Persons who watch a rape being committed and do nothing to stop it or assist in bringing the perpetrator (s) to justice should be held criminally responsible, Red Thread member Wintress White says.
During a recent interview, the activist called for an inclusion in law for persons who watch the act being committed and do nothing to help to be charged.
The question of criminal responsibility arose following the rape of a 17-year-old at a creek along the Linden/Soesdyke Highway in May. Reports are that the teen had accompanied six or seven men to the popular spot for a day of fun. However, after swimming for some time, the teen was raped under a bridge and a police source had said that several men were around at the time of the incident.
Several of the men were detained for questioning but were later released. At that time, the perpetrator had not been caught. It is unclear if he was ever arrested.
White told Stabroek News that she believes bystanders are just as guilty as the perpetrators. However, she said she has never come across a case where a girl/woman was raped in the full view of others. “They are sick to just look on. They probably get some sort of excitement from watching on,” she said, adding that it is just like those looking on have committed the rape. She said that although they did not physically participate, they got joy out of watching.
She said this issue needs to be urgently addressed since “it is criminal”.
According to Crime Chief Seelall Persaud, little action can be taken against such witnesses, since they were not actual participants in the act. On the other hand, he said, if they assist the perpetrator (s) in some way, they could be held accountable.
During a recent interview, Persaud said: “If a person comes across a rape in progress and does nothing they cannot be held accountable.
But if they encourage or conspire they could be held accountable.” He said there have been cases where persons have been convicted for not committing the rape but assisting the perpetrator in the commission of the act.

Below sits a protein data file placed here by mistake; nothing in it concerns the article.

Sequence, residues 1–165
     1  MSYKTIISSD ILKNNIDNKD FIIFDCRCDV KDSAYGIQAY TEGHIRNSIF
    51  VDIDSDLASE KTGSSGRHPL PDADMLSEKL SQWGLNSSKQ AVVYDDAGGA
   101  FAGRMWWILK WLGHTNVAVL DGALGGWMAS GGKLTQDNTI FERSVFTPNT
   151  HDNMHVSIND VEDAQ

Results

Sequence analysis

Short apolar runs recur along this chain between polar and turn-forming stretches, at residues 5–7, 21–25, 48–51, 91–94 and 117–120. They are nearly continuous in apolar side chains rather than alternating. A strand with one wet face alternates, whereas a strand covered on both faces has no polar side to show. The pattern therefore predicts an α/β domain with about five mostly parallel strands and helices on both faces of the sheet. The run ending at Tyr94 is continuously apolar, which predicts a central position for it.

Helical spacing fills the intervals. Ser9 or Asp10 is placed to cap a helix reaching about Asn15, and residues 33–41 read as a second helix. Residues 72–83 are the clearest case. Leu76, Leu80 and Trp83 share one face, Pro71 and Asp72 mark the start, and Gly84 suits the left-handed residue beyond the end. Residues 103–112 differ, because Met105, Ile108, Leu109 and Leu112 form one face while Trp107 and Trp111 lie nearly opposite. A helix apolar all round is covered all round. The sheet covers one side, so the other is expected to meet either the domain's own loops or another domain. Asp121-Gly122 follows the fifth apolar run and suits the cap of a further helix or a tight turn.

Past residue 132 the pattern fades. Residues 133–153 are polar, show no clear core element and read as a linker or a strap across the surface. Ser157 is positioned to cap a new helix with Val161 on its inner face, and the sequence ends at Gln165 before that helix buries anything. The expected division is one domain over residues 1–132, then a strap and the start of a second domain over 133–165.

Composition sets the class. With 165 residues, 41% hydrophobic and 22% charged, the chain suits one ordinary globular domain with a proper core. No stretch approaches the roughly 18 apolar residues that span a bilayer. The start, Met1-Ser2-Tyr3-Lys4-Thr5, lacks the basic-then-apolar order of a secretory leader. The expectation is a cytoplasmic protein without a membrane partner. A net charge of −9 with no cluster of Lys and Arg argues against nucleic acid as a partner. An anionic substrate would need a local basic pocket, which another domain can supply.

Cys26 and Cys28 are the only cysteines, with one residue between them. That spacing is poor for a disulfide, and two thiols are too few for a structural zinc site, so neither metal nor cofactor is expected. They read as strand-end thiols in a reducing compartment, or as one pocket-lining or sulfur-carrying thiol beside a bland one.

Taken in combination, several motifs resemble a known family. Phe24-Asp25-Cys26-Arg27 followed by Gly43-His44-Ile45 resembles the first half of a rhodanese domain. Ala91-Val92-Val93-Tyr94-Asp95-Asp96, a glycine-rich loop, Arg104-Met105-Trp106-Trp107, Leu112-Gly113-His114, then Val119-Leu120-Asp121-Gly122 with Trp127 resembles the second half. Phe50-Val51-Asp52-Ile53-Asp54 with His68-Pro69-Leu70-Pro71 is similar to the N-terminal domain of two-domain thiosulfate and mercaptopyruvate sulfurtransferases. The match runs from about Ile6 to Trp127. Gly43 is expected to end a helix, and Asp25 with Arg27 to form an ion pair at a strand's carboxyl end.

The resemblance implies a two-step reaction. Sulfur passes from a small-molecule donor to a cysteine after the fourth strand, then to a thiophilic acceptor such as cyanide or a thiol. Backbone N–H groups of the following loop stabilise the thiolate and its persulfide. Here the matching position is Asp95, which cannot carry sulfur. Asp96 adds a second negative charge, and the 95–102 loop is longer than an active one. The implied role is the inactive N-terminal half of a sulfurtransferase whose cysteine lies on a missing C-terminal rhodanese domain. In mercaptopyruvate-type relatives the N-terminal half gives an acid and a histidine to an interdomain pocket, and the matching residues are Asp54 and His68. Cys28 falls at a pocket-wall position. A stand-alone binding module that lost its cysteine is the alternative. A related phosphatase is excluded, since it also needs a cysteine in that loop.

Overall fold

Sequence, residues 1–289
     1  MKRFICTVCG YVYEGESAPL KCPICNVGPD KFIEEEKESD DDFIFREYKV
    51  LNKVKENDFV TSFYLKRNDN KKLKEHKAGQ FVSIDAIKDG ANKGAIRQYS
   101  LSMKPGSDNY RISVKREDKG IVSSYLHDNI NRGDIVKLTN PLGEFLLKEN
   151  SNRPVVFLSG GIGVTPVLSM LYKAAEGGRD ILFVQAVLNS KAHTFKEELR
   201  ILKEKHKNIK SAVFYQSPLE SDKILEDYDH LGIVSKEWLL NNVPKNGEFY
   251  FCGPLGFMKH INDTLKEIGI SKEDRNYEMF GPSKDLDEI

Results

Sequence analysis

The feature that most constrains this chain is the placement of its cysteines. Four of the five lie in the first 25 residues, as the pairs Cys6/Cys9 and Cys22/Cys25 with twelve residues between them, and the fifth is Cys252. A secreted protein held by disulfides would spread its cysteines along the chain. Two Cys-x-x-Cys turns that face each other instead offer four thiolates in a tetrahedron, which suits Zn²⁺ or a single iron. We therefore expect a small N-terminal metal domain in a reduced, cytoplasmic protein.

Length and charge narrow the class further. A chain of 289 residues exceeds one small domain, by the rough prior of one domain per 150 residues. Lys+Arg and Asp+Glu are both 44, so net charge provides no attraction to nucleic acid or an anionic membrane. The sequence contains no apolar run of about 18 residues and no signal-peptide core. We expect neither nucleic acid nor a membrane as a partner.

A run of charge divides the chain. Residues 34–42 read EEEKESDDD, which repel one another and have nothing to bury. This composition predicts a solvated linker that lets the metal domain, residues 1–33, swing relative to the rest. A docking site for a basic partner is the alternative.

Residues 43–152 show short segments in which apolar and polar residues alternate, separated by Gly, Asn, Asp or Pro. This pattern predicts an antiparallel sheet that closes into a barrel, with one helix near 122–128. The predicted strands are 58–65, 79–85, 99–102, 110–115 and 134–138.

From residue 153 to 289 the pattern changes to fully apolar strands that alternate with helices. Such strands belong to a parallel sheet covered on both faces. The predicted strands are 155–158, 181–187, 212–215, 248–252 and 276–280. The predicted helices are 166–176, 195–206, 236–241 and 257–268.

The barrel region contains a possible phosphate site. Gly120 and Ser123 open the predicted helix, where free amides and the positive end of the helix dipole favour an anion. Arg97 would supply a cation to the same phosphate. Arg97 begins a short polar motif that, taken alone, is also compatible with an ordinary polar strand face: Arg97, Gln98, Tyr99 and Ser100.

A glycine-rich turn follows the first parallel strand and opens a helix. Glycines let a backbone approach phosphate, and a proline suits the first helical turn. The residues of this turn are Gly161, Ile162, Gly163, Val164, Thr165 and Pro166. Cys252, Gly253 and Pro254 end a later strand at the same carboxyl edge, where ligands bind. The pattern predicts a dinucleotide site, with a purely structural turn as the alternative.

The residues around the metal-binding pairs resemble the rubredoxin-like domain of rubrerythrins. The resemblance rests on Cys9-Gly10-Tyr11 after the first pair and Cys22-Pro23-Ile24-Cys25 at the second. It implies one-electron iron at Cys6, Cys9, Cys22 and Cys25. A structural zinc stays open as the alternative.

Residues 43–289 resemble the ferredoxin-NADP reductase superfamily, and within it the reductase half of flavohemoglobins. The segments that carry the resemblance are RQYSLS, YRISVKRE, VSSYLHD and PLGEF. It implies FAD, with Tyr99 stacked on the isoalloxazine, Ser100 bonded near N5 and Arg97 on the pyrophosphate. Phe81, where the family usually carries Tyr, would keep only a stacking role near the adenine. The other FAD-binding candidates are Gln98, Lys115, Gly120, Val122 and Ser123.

“You might not act physically but if you act in concert with or support the perpetrator (s) you can face the law,” he said, adding that if a law enforcement officer witnesses such an act and does nothing or fails to report the matter to the relevant authorities, he or she will be dealt with.
He stressed that if a person just stands and watches a rape in progress, there is nothing the police can do, even if they fail to report the matter.
Meanwhile, attorney Anil Nandlall said it is a question of whether the persons would have aided, abetted, counselled or procured the commission of the offence. He said this is the issue that needs to be addressed. He said such a person is an accessory to the crime, noting that the final decision regarding the way forward in such cases lies with the Director of Public Prosecutions (DPP).
The attorney told Stabroek News that “mere presence is not normally enough” as the law requires a little more to implicate such a person. He explained that an example of what may be an additional requirement to institute a charge would be if that person along with the perpetrator planned to commit the act “from the inception. That is different.
While I didn’t participate I stood as a lookout or it is whether I encouraged by words or by my conduct without actually participating in the rape,” Nandlall said.
He said currently there are laws governing these types of situations. According to Nandlall, there are reported cases with these circumstances in Guyana, the Caribbean and England. He pointing out though that the cases vary.